Editor's Note: On rare occasions, CNN has embargoed stories at the request of Government and law enforcement agencies, and other media organizations in the past. CNN has exchanged information with Governments, Law Enforcement Agencies and Intelligence Services.

[cnn-photo-caption image=http://i2.cdn.turner.com/cnn/2008/images/12/10/art.chicago.tribune.jpg]

James Janega
Chicago Tribune

As the federal probe into Gov. Rod Blagojevich intensified in recent weeks, editors and reporters at the Chicago Tribune balanced a competitive story with a rare request from U.S. Atty. Patrick Fitzgerald's office: To hold off on what they uncovered until a key phase in the investigation could be carried out.

Except in unusual circumstances, newspapers rarely comply with such requests because journalists typically try to steer clear of doing anything that can be seen as working with the governmental agencies they cover.

"It's very important for news organizations to remain independent from law enforcement. Independence is the key to journalistic integrity. When you enter into agreements or partnerships, you find your independence compromised," said Kelly McBride, media ethicist at the Poynter Institute in St. Petersburg, Fla. "If we are too cozy with law enforcement, we will have no credibility when we question law enforcement, in the eyes of the public."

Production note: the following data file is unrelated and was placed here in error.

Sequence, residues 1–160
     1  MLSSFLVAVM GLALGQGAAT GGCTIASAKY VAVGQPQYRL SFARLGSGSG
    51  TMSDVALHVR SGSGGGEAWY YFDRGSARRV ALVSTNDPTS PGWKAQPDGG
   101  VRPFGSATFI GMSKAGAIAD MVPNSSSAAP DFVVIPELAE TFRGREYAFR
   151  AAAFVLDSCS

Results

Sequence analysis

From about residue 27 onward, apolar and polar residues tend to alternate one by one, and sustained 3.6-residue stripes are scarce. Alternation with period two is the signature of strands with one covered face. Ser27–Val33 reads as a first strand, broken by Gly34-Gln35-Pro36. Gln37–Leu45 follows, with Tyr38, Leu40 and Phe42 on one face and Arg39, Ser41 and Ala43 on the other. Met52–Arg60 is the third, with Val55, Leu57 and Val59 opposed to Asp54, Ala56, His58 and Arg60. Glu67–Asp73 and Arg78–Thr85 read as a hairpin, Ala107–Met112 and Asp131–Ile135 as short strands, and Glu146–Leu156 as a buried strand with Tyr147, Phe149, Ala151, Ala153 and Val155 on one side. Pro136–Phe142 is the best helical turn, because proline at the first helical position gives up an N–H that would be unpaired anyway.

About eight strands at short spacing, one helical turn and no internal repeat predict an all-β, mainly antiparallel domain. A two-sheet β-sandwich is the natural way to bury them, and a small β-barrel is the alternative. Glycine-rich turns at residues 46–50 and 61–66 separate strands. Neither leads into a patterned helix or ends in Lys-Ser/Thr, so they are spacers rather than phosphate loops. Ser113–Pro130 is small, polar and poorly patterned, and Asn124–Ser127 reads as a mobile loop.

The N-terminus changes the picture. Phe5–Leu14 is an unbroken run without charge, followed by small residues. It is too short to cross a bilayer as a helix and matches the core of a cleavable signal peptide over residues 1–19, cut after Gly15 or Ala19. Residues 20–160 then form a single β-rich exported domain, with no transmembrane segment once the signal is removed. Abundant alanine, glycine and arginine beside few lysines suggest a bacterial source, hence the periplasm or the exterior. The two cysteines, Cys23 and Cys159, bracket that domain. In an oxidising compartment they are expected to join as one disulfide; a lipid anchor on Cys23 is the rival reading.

Since October, the Tribune has broken several stories on the Blagojevich probe, but in some cases withheld information because of the government's request.

Filed under: Justice Department • Raw Politics
December 10th, 2008
02:26 PM ET

Deck the halls with boughs of corruption

[cnn-photo-caption image= http://i2.cdn.turner.com/cnn/2008/POLITICS/12/09/illinois.governor/t1home.gov.blago4.gi.jpg caption="Illinois Gov. Rod Blagojevich"]
Jack Gray
AC360 Associate Producer

Ah, Illinois: The more things change the more they stay the same. The state that just last month gave the country widespread political hope in the form of Barack Obama has now given the country deep political cynicism in the form of Rod “Catch Me if You Can” Blagojevich. And, no, I don’t know what he planned on doing with all that dirty money, but I hope at least some of it was going to go toward having his bangs trimmed.